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Best short drives from DFW to see bluebonnets, more spring flowers

Dallas Blooms, at the Dallas Arboretum and Botanical Garden, has a new addition this year: life-size bronze sculptures of notable people in history, including William Shakespeare, Mark Twain and George Washington, pictured.
Dallas Blooms, at the Dallas Arboretum and Botanical Garden, has a new addition this year: life-size bronze sculptures of notable people in history, including William Shakespeare, Mark Twain and George Washington, pictured. Dallas Arboretum and Botanical Garden

Winter showers have certainly brought spring flowers to Texas. Across the state, bluebonnets, azaleas, dogwoods — and even tulips — are starting to grace fields and roadways in spectacular fashion.

There’s no better time to spend a Saturday in the car, taking in the scenery, than spring. You don’t have to drive far to see gorgeous color. Whether you’ve got a weekend to spare, or just a few hours, here are several places to get up close with the flowers of the season.

Though you’re almost guaranteed to see flowers in March and April, most attractions suggest visiting their websites or calling ahead to check whether blooms will be at their peak when you arrive.

Dallas Blooms at the Dallas Arboretum

Just down Interstate 30 from Fort Worth, at the Dallas Arboretum and Botanical Garden, you’ll find the largest floral festival in the Southwest, Dallas Blooms. This year’s festival, which runs through April 10 and is themed “The Artistry in Nature,” showcases a vast expanse of spring flowers, with 500,000 total blooms — tulips, azaleas, cherry blossoms, pansies, daffodils, hyacinths and more.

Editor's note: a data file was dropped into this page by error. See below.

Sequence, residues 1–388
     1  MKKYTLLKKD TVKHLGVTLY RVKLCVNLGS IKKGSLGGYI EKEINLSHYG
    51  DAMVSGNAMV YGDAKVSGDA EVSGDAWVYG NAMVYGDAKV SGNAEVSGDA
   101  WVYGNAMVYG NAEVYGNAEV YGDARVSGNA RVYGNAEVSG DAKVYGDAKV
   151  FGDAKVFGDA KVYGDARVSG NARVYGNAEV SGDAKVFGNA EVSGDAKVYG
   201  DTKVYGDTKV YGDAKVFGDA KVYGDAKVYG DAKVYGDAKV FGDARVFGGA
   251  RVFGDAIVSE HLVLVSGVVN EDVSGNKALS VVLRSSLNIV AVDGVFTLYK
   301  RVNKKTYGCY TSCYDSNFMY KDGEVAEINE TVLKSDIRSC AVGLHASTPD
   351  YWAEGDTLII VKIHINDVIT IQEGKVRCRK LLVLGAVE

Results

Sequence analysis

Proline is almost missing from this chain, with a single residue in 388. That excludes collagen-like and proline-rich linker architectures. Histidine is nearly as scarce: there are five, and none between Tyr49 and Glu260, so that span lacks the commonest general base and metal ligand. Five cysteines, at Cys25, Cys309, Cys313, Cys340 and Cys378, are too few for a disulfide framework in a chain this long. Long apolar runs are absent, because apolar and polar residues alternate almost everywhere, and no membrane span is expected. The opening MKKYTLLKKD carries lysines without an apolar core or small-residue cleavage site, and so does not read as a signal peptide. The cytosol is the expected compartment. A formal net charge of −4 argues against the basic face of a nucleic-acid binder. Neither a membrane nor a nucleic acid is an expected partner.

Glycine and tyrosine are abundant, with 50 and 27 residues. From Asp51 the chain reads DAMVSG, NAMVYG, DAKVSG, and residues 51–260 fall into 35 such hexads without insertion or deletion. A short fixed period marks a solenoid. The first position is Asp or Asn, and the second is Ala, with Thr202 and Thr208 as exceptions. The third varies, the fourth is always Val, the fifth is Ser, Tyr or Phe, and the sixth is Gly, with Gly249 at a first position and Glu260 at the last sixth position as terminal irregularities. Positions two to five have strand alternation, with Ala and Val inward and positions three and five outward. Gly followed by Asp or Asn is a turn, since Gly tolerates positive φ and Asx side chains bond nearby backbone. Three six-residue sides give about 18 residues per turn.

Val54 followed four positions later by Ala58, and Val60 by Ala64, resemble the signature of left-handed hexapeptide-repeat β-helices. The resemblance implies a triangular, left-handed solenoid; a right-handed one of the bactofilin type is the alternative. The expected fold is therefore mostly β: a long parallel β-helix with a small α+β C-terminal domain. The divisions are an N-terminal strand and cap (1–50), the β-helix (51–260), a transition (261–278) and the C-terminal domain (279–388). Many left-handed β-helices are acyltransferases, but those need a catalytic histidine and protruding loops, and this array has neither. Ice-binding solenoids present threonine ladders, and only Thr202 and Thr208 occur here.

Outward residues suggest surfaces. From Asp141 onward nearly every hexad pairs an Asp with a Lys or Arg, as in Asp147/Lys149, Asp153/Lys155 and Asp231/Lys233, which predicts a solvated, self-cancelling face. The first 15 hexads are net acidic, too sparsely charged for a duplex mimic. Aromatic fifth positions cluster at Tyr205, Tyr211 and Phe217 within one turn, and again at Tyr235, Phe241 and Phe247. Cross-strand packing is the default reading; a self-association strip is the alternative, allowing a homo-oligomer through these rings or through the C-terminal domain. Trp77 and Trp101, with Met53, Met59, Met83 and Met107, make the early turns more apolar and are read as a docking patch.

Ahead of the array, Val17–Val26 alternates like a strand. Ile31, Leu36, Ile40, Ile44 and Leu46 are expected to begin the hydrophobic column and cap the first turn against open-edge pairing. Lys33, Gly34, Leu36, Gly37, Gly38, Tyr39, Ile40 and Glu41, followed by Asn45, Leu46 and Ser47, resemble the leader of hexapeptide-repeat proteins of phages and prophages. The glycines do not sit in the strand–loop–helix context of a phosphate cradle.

New this year are life-size bronze sculptures of notable people in history, including William Shakespeare, Mark Twain and Claude Monet, which are placed throughout the garden. Check the website for special events, concerts and tours.

Details: Dallas Arboretum and Botanical Garden, 8525 Garland Road, Dallas, 214-515-6615, www.dallasarboretum.org. Open 9 a.m.-5 p.m. weekdays. $15 ages 13-65, $12 for seniors, $10 children 3-12, free for children 2 and under; $15 parking.

Ennis Bluebonnet Trails

Through the month of April, the city of Ennis showcases 40 miles of mapped bluebonnet trails that offer some of the finest views of the Texas state flower — it is the “Official Bluebonnet City of Texas,” after all. Just head to the Ennis Convention and Visitors Bureau and pick up a map, or download one on its website. Visit the website for more information on guided tours and the city’s famous bluebonnet festival.

Note that the Ennis Garden Club says it currently is still too early for significant blooms; estimated peak time is about the second week of April for the Ennis area, the club says.

Details: Ennis Convention and Visitors Bureau, 100 E. Ennis Ave., Ennis, 972-878-4748, www.visitennis.org. Open in April: 8 a.m.-5 p.m. Monday through Saturday, 11 a.m.-5 p.m. Sunday. Free.

Nacogdoches Azalea Trail